Gleason is a radio veteran whose Rise Guys show had aired on KHTK for 12 years. He has more than 30 years in radio, moving into sports talk in 1999. He said going to KMGZ “did not work out ideally” but “I would do it again in a heartbeat. I think our show for having been in San Francisco is a better show than it was.”

Kreidler said they became much stronger at focusing on various elements of their broadcasts.

“I became much better at asking basic questions like ‘Who’s this segment directed toward? Why would we be talking about this thing? Why we would we have this guest?’ ” he said.

Both note that they couldn’t have chosen a better time to come back to Sacramento and talk sports. If it was a golden era when the Kings were playoff locks and legitimate title contenders, then current times are significantly richer in quantity if not quality. The A’s look like championship material and the Giants have reasonable post-season aspirations. Soccer has hit Sacramento hard with Republic FC, and the River Cats continue as a national model for running a minor-league sports franchise.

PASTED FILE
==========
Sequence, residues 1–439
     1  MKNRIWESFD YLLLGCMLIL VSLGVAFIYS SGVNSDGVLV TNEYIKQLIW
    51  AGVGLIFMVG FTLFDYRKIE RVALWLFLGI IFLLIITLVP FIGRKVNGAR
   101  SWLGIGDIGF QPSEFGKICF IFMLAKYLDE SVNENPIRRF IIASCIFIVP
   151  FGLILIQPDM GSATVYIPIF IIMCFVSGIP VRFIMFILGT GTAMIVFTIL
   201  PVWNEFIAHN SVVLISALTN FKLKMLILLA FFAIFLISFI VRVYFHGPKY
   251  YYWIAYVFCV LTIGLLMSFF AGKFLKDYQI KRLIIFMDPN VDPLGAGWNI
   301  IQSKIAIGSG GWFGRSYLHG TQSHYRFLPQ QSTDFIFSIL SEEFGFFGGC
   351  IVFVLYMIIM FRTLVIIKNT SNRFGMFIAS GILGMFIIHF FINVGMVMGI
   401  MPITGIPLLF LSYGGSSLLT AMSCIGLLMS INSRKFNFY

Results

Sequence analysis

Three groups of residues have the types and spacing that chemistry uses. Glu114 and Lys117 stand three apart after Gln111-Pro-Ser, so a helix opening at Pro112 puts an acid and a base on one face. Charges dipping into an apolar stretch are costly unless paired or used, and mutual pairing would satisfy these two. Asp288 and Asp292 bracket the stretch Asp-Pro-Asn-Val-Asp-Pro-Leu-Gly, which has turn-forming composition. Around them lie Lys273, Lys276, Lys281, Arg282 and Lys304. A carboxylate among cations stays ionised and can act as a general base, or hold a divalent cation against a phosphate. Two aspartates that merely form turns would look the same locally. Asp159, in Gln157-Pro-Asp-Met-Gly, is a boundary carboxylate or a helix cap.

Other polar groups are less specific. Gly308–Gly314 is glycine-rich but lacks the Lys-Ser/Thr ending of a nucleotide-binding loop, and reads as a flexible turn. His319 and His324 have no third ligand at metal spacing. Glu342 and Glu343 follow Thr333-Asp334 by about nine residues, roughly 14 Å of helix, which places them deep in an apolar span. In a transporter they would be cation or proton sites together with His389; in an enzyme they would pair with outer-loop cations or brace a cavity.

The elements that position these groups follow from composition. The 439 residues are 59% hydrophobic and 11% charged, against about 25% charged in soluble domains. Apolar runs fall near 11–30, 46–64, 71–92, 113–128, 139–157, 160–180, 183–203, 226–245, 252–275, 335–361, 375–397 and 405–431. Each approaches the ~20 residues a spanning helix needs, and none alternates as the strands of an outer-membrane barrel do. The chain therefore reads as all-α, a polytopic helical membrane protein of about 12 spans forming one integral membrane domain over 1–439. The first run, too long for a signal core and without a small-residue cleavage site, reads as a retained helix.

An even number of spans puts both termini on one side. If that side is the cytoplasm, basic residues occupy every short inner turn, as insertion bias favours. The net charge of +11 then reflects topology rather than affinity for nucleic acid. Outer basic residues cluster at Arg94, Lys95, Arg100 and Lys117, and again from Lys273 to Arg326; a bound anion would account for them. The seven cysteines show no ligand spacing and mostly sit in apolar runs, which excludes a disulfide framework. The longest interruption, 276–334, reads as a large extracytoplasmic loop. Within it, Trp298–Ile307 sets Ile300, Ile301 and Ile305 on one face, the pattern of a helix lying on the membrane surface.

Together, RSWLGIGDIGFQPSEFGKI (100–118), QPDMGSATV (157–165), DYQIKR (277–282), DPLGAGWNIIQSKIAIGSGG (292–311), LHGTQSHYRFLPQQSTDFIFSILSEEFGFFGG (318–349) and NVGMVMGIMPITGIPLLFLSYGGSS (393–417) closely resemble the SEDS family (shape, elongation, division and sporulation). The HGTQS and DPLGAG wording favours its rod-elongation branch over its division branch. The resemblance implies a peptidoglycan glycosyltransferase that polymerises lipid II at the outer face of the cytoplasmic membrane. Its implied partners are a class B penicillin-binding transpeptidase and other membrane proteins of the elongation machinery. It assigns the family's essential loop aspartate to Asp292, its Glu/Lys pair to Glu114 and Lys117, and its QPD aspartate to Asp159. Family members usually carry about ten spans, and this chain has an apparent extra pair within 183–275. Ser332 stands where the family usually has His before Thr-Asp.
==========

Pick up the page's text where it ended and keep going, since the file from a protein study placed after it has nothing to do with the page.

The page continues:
“This is becoming such a more sophisticated sports market,” Kreidler said. “It’s been coming on for awhile, but you really see it the last couple of years.”

The homecoming has been auspiciously calm and welcoming for the pair so far. Kreidler never left his longtime Davis home, so his commute has relaxed. Gleason, who was renting in Pacifica, will move back into his Sacramento home this fall.

Gleason and Kreidler plan on being as current as possible, monitoring trending topics as well as understanding their sports entertainment show may not always be just fun and games. They believe the best shows are personal and resonate from topics they and the listeners are truly passionate about.

While their name doesn’t make as much sense now that they’ll be on in the afternoon, Gleason said the 1320 management feels it still has cachet in town.

Kreidler matter-of-factly observed that radio is a “weird business.” He said he and Gleason feel lucky to be back in Sacramento.

For the full article visit the Sac Bee where it was originally published

Sports Radio News

Ryan Edwards Moves to The Sports Zoo on KOA

“Edwards has been on the radio in Denver since 2009. He spent eight years with 104.3 The Fan. He also did a short stint at Mile High Sports Radio.”